UK: Amnesty director Kate Allen announces her retirement
Responding to the announcement that Amnesty UK Director Kate Allen will be retiring in September, Eilidh Douglas, the Chair of Amnesty International United Kingdom Section Board, and Nicolas Patrick, the Chair of Amnesty International UK Section Charitable Trust, issued a joint statement today. The statement read:
“Kate is a tireless and dedicated human rights defender, who in her 21 years as leader of AIUK has transformed the organisation.
“Among her many achievements, she has created a home for human rights in London, strengthened the participation of children and young people in our work and increased the scale and reach of the human rights movement in the UK.
“Equally at home campaigning with activists and influencing political leaders, she is known and respected across the global movement for her integrity, quiet strength and courage.
“She has vocally championed the work to rebalance Amnesty’s resources towards the Global South, and to make the global movement genuinely more democratic.
“She has played a key role as part of Amnesty’s research missions, including in Raqqa, Kabul and Israel and the Occupied Territories.
“Her lifelong dedication to the rights of refugees has seen her strengthen Amnesty UK’s work in this area, take testimony from Rohingya refugees in Bangladesh and challenge legal frameworks and misconceptions here in the UK.
“We wish to thank Kate for her many years of dedicated service to Amnesty UK and to the global Amnesty movement, and wish her a well-deserved happy retirement.”
Kate Allen added:
“It has been the privilege of my life be part of the global Amnesty International movement and to lead the UK Section over the past 21 years. We truly are an extraordinary movement of people.
“I have seen so much positive change for human rights, met so many committed and inspiring people and I know that our global movement for human rights is in a stronger place now than when I joined it 21 years ago. It needs to be, the struggle for human rights changes shape over time, but that struggle is always there, and Amnesty is unique in being a global community who act in solidary and support to make change happen.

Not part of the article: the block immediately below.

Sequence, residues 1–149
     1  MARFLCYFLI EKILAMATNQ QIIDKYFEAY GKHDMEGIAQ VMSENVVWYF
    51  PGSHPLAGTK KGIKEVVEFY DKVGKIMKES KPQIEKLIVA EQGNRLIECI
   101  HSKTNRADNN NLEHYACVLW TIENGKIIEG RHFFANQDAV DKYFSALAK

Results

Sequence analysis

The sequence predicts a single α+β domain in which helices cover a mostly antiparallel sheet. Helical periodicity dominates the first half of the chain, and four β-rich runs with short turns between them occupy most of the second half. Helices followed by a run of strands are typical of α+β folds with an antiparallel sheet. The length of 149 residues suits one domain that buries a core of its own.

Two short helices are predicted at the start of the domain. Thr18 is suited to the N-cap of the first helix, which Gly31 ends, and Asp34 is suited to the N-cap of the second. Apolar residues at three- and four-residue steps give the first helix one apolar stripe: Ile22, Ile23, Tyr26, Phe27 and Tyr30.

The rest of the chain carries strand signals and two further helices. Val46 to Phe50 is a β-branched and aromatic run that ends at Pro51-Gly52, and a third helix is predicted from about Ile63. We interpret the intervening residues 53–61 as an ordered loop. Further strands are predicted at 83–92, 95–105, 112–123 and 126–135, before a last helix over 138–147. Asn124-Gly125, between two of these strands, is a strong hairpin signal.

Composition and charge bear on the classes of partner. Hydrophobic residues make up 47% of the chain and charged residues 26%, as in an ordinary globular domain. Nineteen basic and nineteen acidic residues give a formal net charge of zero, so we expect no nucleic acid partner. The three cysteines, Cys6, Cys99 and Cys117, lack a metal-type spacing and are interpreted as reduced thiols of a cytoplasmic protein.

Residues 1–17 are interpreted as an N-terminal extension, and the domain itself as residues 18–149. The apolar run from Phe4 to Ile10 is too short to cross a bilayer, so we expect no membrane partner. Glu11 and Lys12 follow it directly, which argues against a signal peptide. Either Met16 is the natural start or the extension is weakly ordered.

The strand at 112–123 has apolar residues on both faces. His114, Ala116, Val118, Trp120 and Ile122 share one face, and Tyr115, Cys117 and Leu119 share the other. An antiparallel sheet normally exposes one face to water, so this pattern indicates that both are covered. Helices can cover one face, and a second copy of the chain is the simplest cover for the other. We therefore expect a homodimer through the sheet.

“I am proud that Amnesty UK has been a strong voice in our movement for the change we have made to increase our presence in the global south and there is more to do on this. As we move forward, the work we have begun to be a truly anti-racist movement will be central to our strategy and my one deep regret is that I should have begun this work earlier.
“I am looking forward to my retirement and to time with my family and friends, but I will always be an Amnesty supporter, and I will have a lot more time to write those letters.”
At the helm fighting for human rights
Kate Allen joined Amnesty UK as Director in 2000. In her role, Kate has travelled across the world on behalf of the organisation, including joining a research mission to Egypt soon after the revolution in 2011. She has also visited countries including Afghanistan, Kenya, Israel and the Occupied Palestinian Territories, Rwanda and Nepal - meeting those working to defending human rights and those whose rights have been abused, as well as government representatives.
Kate was previously Deputy Chief Executive at the Refugee Council, where she headed the UK emergency evacuation programmes from Bosnia and Kosovo and chaired the Asylum Rights Campaign. In 1998/99 Kate was seconded to the Home Office where she worked on the 1999 Asylum and Immigration Act.
Kate had planned to retire last year but stayed on help maintain stability during the pandemic. With a pathway out of lockdown well and truly on the horizon, she has revived her plans to wind down after a successful and important career at the helm of the UK arm of the world’s leading human rights organisation.